As travel slowly resumes, under-touristed destinations more than ever need the income that tourism can provide--but lack the means or ability to effectively market themselves on the world stage. How can communities that are economically challenged but ripe for tourism be empowered to use their knowledge of their own culture, their creativity and their voices to let travelers know they exist and welcome visitors?
Bright Spots | Creative Economy & Authentic Cultural Tourism
And while the U.N. has declared 2021 the International Year of the Creative Economy, an Aspen Institute report states artisan enterprise is not generally considered a key driver of economic growth, nor looked to as a major component of development assistance efforts. This is despite artisan activity being the second largest employer in the developing world.
A recent study by OECD states that along with the tourism sector, cultural and creative sectors are among the most affected by the current crisis, and the effects will be long lasting.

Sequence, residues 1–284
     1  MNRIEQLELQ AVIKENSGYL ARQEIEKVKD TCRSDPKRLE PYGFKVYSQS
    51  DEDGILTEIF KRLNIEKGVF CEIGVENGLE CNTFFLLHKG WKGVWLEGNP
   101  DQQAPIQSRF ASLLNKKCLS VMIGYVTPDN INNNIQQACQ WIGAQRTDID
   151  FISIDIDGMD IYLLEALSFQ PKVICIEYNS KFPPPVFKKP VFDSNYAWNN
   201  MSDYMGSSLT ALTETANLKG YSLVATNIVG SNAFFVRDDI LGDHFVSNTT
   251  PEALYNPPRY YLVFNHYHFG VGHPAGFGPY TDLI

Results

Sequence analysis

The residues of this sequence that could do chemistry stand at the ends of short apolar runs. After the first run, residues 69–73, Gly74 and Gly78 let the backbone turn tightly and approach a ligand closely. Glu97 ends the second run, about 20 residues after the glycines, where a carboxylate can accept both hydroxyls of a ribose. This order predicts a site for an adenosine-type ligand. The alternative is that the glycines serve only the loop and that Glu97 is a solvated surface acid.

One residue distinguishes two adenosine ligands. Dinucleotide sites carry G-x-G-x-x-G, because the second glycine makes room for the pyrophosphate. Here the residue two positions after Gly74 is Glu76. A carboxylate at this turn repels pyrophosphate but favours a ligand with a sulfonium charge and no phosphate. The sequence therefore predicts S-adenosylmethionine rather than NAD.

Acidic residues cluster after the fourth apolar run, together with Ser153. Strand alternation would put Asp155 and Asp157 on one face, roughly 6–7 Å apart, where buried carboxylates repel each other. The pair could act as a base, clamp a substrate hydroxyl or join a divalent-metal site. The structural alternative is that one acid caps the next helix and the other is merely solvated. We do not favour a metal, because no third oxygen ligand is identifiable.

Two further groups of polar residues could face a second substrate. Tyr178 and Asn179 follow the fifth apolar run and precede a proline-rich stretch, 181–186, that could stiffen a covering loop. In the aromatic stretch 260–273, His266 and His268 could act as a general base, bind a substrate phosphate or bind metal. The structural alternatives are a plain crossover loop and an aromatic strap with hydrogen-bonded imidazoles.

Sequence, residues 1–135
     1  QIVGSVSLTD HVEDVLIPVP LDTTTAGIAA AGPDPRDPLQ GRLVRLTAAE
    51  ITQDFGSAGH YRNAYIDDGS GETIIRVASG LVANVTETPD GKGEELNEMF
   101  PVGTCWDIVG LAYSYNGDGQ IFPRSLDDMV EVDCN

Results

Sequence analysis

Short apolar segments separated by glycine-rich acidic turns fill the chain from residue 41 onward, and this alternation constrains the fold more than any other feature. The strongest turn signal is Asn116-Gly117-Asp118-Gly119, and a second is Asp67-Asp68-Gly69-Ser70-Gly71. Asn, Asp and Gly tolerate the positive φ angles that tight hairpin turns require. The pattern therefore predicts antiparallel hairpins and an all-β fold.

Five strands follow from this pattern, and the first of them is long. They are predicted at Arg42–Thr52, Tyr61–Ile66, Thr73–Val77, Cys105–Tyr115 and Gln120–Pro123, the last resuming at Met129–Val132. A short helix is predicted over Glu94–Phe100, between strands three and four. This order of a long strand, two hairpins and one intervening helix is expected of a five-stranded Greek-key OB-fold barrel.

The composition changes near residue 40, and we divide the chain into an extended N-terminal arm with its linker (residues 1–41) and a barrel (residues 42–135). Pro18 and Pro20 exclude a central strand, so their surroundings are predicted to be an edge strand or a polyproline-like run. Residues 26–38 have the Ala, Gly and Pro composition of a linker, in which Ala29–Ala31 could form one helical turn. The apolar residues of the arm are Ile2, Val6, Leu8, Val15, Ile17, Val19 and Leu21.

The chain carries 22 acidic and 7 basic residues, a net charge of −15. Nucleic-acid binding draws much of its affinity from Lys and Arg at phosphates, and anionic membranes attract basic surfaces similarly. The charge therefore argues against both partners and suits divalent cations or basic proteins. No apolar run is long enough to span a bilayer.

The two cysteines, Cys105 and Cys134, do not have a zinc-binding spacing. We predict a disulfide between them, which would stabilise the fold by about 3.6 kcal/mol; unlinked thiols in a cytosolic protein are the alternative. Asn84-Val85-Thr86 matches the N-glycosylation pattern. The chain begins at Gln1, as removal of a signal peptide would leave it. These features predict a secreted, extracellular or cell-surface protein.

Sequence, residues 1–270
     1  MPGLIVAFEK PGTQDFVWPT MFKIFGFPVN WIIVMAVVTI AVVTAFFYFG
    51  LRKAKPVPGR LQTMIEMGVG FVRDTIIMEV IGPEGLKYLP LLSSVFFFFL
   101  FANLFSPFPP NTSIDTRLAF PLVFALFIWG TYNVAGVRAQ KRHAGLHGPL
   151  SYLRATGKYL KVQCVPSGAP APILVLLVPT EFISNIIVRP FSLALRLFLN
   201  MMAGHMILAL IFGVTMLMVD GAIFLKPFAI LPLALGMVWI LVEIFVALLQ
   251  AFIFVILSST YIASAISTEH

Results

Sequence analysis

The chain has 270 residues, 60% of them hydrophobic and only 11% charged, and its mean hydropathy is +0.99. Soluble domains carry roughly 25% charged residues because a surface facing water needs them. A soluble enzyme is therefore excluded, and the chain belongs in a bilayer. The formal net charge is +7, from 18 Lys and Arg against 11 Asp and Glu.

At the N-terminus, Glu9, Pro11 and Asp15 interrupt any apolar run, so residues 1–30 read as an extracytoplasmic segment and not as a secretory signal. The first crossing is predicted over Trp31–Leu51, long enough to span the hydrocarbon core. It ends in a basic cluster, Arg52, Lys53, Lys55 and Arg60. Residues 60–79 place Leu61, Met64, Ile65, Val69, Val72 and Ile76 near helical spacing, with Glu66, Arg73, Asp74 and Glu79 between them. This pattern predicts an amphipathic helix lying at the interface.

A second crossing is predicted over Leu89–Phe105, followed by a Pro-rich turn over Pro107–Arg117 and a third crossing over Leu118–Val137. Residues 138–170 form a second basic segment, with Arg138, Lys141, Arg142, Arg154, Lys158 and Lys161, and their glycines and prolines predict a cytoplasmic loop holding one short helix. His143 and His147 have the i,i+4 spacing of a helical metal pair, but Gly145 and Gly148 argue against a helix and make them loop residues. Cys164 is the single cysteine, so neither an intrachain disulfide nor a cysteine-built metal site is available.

Yet there are meaningful bright spots!
According to Travel Weekly, “...‘Living like a local’ will go up a notch with holiday-makers getting so under the skin of a destination, they consider themselves honorary citizens. Fueled by the rise in sustainable tourism and growing awareness to put tourist dollars to good use by supporting local communities, travelers will seek out more local experiences than ever before.”
An Expedia study says getting the authentic version of a place will be of growing importance to travelers. The report says that travelers are eager for cultural experiences that are more interactive than gazing through the window of a tour bus. They want to know where the hidden gems are, and they want to connect with the local culture and people.
“According to our members, travelers want to forge deeper connections to the people, traditions and customs of the places they are visiting, and these experiences add a meaningful and memorable component to a vacation,” says Terry Dale, president/CEO of USTOA, in a report published by travel industry consultants Peak & Skift.
There is a market for local community-based tourism companies that feature artisans. With the support of PAC's Digital Catalyst Corps, emerging destinations can reach travelers around the world interested in experiential, immersive and culturally-focused tourism.
More than 241,000 Peace Corps volunteers have served in 143 countries since that program’s inception. More than a half a million people have recorded their stories with StoryCorps since its launch. With the proper support, PAC’s Digital Catalyst Corps can achieve similar success that can be deployed in fields beyond tourism to fully realize a truly global creative economy.